The International Energy Agency’s Net Zero by 2050 roadmap, issued last year, has become something of a textbook example of bad timing. Just four months later, the agency said the world needs more investment in oil exploration because of dwindling OPEC spare production capacity.
Besides these mixed signals, the agency also lashed out at OPEC+ last year, accusing it of keeping the global oil supply artificially tight to keep prices high. At first glance, one might think the world’s most influential energy body, per the FT’s Tom Wilson, does not really know what it’s talking about. Yet Big Oil does not care about that. Big Oil is drilling. It’s just not talking about it.
“The majors are still exploring and say much less about it than they used to,” Andrew Latham, vice-president for exploration at Wood Mackenzie, told the FT’s Wilson this month. “You have to be a real specialist sector watcher to know these kinds of things [because] they don’t talk about it.”
According to the consultancy, a total of 798 appraisal and exploration wells were drilled last year, which was about the same as was drilled a year earlier. It was also substantially less than what was drilled in 2019, at 1,256 wells, but the drop was, according to Latham, connected to the pandemic.
This means that, with or without the IEA’s roadmap to net zero, this year could see an uptick in new drilling, especially given the strength of oil demand, as admitted by that very same IEA to have exceeded market observers’ expectations.
Shell struck a potentially major deposit in Namibia earlier his month, according to reports. It wasn’t the company that announced the find. It was Reuters, citing unnamed sources in the know who said the government of the southern African country would make an official announcement this week.
Exxon continues to make find after find offshore Guyana. The latest update came earlier this month and was about plans to start pumping from a second platform in the Stabroek Block, which would boost the country’s oil output three times. Meanwhile, the supermajor has also announced plans to become a net-zero company by 2050.
French TotalEnergies, formerly just Total, has been particularly active in new oil well drilling, even as it also ramps up renewable energy expansion. The French company drilled the most new exploration wells last year, according to Wood Mac data cited by the Financial Times, coming ahead of both Exxon, which was second, and Norway’s Equinor, which came in third.
For Exxon, it is mostly business as usual. The company has some activist shareholders on its tail but no court rulings obliging it to shrink its oil output, unlike Shell. It is perhaps this fact that makes the Shell case especially interesting. The supermajor was ordered by a Dutch court to slash its emissions footprint by 45 percent within ten years last year, and it said that its production had peaked anyway back in 2019.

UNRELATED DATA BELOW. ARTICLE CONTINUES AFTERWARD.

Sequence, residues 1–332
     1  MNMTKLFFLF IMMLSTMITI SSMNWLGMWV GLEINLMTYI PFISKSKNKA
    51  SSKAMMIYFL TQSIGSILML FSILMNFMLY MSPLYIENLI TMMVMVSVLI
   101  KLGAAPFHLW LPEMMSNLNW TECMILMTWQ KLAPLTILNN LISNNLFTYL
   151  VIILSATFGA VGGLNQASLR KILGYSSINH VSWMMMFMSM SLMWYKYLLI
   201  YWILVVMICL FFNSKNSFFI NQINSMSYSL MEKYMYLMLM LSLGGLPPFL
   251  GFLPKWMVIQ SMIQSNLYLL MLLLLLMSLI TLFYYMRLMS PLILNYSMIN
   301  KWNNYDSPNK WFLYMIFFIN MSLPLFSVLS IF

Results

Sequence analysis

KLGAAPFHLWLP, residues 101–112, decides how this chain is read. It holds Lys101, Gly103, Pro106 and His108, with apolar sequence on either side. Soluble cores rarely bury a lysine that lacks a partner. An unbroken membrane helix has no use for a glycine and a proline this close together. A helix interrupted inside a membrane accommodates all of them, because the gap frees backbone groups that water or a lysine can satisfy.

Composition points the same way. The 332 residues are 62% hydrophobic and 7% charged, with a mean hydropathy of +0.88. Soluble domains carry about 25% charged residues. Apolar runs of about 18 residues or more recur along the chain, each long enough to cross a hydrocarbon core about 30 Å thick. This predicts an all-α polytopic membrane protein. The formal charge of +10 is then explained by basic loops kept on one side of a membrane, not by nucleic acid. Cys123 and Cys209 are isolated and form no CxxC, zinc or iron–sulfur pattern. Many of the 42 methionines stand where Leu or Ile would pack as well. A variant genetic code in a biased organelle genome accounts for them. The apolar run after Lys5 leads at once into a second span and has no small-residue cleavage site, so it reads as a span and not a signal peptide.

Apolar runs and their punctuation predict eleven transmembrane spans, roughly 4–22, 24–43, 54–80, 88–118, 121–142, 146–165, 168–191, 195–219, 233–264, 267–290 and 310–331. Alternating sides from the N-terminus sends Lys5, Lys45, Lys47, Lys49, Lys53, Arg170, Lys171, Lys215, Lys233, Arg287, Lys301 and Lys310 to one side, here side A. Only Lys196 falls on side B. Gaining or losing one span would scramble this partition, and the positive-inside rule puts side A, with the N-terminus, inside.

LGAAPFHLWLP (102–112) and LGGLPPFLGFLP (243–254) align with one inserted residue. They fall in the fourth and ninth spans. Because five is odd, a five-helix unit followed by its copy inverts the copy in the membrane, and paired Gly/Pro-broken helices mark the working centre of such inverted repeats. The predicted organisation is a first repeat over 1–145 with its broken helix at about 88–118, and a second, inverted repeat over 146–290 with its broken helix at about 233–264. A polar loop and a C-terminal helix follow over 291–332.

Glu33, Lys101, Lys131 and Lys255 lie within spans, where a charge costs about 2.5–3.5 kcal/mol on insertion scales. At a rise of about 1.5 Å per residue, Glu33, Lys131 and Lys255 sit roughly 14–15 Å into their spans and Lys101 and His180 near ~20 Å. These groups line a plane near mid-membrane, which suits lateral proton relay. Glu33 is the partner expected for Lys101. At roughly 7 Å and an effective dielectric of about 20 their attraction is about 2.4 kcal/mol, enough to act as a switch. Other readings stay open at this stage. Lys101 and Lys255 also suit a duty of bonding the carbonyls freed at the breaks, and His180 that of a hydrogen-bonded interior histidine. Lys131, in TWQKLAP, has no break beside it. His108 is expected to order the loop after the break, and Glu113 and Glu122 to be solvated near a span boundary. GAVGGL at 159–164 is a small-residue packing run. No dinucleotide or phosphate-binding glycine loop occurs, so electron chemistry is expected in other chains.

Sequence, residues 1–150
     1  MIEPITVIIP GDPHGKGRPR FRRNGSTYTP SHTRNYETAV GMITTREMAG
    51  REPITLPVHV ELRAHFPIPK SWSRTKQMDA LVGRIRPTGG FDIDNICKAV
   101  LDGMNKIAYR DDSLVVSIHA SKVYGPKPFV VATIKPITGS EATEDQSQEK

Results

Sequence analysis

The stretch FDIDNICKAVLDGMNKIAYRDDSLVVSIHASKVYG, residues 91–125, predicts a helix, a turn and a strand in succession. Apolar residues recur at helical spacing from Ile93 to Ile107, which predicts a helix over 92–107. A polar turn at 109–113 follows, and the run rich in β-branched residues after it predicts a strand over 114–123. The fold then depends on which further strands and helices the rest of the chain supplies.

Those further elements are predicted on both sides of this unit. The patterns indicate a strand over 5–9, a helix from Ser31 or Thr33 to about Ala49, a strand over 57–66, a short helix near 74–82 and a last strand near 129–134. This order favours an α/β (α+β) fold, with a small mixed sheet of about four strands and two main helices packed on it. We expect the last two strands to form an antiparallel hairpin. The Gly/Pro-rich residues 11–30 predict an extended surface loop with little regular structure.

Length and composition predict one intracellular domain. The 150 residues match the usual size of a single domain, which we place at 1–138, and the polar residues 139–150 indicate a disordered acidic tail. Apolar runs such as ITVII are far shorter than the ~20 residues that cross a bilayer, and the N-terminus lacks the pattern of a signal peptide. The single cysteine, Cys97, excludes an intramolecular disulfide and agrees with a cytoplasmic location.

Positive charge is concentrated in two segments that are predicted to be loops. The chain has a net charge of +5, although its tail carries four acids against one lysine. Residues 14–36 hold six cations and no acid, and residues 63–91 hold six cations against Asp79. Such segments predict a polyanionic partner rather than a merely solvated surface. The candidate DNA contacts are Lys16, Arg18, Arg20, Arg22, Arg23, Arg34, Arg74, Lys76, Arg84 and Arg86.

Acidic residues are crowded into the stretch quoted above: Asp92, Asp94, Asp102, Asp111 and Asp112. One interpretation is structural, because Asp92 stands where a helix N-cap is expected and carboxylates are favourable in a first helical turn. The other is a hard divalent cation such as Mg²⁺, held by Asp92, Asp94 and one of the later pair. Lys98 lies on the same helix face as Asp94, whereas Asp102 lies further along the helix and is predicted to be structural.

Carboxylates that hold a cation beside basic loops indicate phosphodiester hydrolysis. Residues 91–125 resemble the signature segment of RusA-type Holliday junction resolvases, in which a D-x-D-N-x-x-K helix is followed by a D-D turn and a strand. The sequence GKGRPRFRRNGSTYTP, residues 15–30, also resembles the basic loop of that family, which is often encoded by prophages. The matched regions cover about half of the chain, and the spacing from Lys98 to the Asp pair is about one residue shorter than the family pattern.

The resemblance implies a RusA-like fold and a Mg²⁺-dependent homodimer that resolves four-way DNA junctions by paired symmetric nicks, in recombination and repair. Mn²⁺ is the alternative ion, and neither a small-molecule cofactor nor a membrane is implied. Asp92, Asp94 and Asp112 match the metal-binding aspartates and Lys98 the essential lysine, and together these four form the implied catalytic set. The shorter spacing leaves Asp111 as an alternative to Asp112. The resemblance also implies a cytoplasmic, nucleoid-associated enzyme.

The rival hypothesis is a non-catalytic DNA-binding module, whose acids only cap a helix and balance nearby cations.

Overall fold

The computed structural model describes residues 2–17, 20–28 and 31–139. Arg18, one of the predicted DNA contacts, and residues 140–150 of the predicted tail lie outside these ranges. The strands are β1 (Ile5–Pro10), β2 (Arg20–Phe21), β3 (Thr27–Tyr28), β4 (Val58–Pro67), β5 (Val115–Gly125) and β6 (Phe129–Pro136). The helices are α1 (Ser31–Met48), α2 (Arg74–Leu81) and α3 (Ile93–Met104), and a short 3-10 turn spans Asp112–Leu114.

Yet Shell is drilling—and not just drilling but doing it in a frontier region with no well-developed infrastructure or oil industry of any sort. This means higher investments should the find be confirmed. Why is Shell doing this?
Reserve replacement is one reason. Even with plans—and an obligation—to produce less oil in the future, the company is not completely giving up its core business. Oil demand, regardless of various forecasts, looks like it still has a few good decades in it. The costs of new wind and solar installations are rising, the supply of critical minerals and metals is limited, and new mine lead times are even longer than the lead times for offshore oil wells. This doesn’t bode well for the renewable revolution, but it does bode well for oil and gas demand.
Another reason is oil prices. With these higher, drilling in new underexplored regions becomes more affordable. With Brent crude at $91 per barrel, exploration is a lot more attractive than it probably was with Brent at $40, not least because high oil prices strongly suggest demand is exceeding supply.
Carbon Tracker earlier this month published a report warning that new oil and gas exploration could result in stranded assets worth $500 billion because over the long term, oil demand would perish. Yet the same organization last year forecast a continued slump in the costs of wind and solar power, and that did not exactly play out, just a year after the report, so whether or not these assets will indeed be stranded remains a wide open question.
Big Oil—and small and medium oil, too—is doing what any business would do in the current environment. Said environment suggests that the demand for Big Oil’s products is strong. Naturally, they would try to respond to that strong demand by producing as much as they can to satisfy it. But they won’t talk about it as openly as they used to before. Instead, they would highlight their investments in wind, solar, and EVs while quietly drilling to ensure there will be enough oil for tomorrow and the day after.
By Irina Slav for Oilprice.com
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